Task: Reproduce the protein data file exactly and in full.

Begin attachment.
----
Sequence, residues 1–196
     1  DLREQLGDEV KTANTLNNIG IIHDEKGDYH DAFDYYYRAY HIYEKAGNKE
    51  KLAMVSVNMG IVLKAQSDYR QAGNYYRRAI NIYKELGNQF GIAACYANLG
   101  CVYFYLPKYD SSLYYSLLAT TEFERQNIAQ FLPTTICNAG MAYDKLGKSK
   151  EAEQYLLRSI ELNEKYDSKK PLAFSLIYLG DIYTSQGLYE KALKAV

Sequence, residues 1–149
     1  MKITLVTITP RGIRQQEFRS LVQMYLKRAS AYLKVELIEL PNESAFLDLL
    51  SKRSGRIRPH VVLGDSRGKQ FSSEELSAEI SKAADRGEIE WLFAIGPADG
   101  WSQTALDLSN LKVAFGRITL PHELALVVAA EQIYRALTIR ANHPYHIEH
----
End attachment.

Sequence, residues 1–196
     1  DLREQLGDEV KTANTLNNIG IIHDEKGDYH DAFDYYYRAY HIYEKAGNKE
    51  KLAMVSVNMG IVLKAQSDYR QAGNYYRRAI NIYKELGNQF GIAACYANLG
   101  CVYFYLPKYD SSLYYSLLAT TEFERQNIAQ FLPTTICNAG MAYDKLGKSK
   151  EAEQYLLRSI ELNEKYDSKK PLAFSLIYLG DIYTSQGLYE KALKAV

Sequence, residues 1–149
     1  MKITLVTITP RGIRQQEFRS LVQMYLKRAS AYLKVELIEL PNESAFLDLL
    51  SKRSGRIRPH VVLGDSRGKQ FSSEELSAEI SKAADRGEIE WLFAIGPADG
   101  WSQTALDLSN LKVAFGRITL PHELALVVAA EQIYRALTIR ANHPYHIEH